SOURCE: ECG Management Consultants

ECG Management Consultants, Inc.

December 03, 2015 10:00 ET

Integrated Academic Health Systems Outperform Less Integrated Peers, ECG Study Finds

BOSTON, MA--(Marketwired - December 03, 2015) - Academic medical centers with highly integrated health systems and physician organizations tend to outperform AMCs that are less integrated, according to a study conducted by ECG Management Consultants. The report, titled Are Integrated Academic Health Systems Better? A Study of Organizational Design and Performance, uses empirical data and insights from 104 AMCs to assess the linkage between integration and measurable performance.

"There's always been speculation about whether the way an academic health system is organized relates to how it performs," explained Christopher Collins, ECG Principal and lead author of the white paper. "This study tried to separate fact from fiction."

The study notes that while AMC executives generally acknowledge the value of having a highly coordinated clinical enterprise, few have taken the steps required to achieve a meaningful level of integration. While organizational politics and culture often stymie efforts to promote collaboration, uncertainty about its merit -- specifically, whether a more integrated clinical delivery system provides tangible benefits to an AMC -- tends to be the biggest barrier.

That's the dilemma that ECG, a national consulting firm working exclusively with healthcare providers, endeavored to resolve.

Using insight from hundreds of teaching hospitals, faculty group practices, and medical schools, ECG's study assessed the degree of integration at selected academic health systems and compared them based on five primary areas of performance: reputation, quality of care, finances, research funding, and resident program ranking. The more integrated systems scored higher than the less integrated systems in four of the five categories, and based on an overall composite score, performed 9% better than the less integrated group.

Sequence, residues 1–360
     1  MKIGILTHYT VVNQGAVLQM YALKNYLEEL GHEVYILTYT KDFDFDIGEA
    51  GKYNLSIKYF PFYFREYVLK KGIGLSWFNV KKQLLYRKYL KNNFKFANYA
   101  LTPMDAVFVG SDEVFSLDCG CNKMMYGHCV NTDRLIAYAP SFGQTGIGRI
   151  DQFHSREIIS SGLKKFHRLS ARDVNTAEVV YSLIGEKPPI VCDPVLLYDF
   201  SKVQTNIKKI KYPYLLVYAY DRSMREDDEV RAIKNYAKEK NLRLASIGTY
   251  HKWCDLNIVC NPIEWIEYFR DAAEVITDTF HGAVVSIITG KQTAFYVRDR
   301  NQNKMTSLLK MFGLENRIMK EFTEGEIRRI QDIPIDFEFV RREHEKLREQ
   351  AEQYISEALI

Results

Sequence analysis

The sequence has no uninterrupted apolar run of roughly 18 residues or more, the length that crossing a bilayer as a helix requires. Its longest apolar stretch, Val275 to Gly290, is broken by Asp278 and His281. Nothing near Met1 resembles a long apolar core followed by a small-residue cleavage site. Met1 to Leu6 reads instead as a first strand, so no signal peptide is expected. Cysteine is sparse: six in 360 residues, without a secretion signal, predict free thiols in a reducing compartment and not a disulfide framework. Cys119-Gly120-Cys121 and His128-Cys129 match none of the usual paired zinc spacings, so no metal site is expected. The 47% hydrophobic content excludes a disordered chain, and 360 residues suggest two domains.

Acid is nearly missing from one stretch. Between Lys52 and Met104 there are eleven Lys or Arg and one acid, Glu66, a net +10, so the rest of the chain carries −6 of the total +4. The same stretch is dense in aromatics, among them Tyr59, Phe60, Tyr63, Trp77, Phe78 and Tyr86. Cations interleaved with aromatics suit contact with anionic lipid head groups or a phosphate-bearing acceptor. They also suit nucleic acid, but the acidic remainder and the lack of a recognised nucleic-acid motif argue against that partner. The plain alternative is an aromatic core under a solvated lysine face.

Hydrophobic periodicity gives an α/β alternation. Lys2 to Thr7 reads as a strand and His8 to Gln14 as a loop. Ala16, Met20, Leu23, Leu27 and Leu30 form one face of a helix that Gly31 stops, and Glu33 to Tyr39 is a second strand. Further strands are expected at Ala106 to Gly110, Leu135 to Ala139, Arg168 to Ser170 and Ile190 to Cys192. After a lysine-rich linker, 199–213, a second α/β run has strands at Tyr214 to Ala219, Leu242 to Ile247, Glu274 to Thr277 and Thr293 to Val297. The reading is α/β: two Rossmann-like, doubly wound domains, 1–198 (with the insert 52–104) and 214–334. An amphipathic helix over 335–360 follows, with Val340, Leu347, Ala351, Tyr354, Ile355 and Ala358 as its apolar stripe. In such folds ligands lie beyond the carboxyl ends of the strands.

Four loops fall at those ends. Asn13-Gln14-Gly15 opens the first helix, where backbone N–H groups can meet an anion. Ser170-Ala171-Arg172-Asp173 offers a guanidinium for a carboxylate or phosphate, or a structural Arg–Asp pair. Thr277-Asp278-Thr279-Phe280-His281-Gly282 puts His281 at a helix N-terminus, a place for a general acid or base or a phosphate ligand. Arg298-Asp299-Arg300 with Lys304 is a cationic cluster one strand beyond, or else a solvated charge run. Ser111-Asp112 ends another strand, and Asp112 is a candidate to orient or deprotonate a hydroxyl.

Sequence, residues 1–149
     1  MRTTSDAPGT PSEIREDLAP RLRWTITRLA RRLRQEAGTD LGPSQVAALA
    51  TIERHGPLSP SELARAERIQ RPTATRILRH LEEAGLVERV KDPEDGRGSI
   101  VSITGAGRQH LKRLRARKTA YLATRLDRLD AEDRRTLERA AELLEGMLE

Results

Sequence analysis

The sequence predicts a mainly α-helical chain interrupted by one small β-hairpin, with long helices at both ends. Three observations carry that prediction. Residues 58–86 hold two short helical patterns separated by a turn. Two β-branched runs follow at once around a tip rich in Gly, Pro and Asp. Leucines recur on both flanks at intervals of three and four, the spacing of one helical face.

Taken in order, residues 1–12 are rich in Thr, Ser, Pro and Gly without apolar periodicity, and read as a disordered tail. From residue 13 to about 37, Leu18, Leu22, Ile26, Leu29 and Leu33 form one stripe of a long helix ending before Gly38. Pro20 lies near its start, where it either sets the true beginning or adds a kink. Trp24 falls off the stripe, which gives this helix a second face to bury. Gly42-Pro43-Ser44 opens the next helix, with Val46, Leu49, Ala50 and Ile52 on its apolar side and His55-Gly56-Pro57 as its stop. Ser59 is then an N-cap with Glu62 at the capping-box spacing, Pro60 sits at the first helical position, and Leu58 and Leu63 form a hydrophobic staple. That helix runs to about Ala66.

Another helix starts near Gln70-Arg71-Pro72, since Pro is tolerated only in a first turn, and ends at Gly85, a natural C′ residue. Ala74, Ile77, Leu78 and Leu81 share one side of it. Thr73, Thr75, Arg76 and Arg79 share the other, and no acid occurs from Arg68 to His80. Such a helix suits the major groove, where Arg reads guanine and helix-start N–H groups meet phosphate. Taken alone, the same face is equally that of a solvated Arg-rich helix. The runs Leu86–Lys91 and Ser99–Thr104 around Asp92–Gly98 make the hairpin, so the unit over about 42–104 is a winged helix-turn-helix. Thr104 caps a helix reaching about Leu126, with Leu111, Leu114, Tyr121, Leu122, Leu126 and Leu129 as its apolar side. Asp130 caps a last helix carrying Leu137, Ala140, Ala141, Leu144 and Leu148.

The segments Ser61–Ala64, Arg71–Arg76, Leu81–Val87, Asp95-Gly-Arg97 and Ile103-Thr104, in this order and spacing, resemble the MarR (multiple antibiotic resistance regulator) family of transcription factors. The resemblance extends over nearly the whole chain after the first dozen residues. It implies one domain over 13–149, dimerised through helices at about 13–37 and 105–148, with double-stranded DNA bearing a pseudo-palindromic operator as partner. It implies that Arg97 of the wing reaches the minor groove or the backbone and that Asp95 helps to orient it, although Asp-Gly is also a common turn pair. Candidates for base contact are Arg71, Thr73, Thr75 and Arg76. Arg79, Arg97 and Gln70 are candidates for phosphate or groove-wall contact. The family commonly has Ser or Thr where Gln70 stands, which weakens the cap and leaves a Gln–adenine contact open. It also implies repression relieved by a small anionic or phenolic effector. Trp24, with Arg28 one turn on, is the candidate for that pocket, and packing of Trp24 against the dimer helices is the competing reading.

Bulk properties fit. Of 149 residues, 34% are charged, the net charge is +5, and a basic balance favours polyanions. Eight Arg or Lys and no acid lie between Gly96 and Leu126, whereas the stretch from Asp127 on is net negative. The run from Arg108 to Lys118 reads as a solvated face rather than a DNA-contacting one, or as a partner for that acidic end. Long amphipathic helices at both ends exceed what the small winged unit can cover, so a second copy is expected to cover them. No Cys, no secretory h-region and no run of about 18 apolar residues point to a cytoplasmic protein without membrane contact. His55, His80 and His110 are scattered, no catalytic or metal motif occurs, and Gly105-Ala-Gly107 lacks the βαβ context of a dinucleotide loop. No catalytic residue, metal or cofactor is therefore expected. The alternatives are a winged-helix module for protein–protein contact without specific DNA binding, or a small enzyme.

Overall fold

"AMCs are difficult to categorize and compare given their wide variation in design," Collins acknowledged. "But the results, grounded in empirical data, gave us answers -- the higher performers have a more integrated approach to their clinical business."

The study comes at a time when academic health systems are under increased pressure to show that they provide high-quality care at an appropriate cost. AMCs' inherent complexity -- balancing clinical care, teaching, and research as well as the dynamics of a teaching hospital, medical school, and faculty group practice -- and interconnected nature make the need for collaboration even more imperative.

"The potential combined power and value of major teaching hospitals and faculty group practices is unmatched in the market, but they need to behave as a single health system to be market leaders," Collins said. "The market will not wait for them."

ECG's report supports the widely held belief that the more a clinical enterprise is strategically, financially, and otherwise aligned, the better the results for the entire AMC. In addition, it substantiates that the opportunity cost of not building a more integrated academic health system will be high and will have a direct adverse impact on the AMC as a whole.

Download a copy of Are Integrated Academic Health Systems Better? A Study of Organizational Design and Performance at For more information about the study, contact Susan Arnold at 303-841-7774.

About ECG
ECG is a strategic consulting firm that is leading healthcare forward, using the knowledge and expertise built over the course of four decades to help clients see clearly where healthcare is going and to navigate toward success. We work as trusted, professional partners with hospitals, health systems, medical groups, and academic medical centers across the country. We thrive on delivering smart counsel and pragmatic solutions to the critical challenges facing healthcare providers. Client success is our primary objective. ECG's national presence includes offices in Boston, Chicago, Dallas, San Diego, San Francisco, Seattle, St. Louis, and Washington, D.C.

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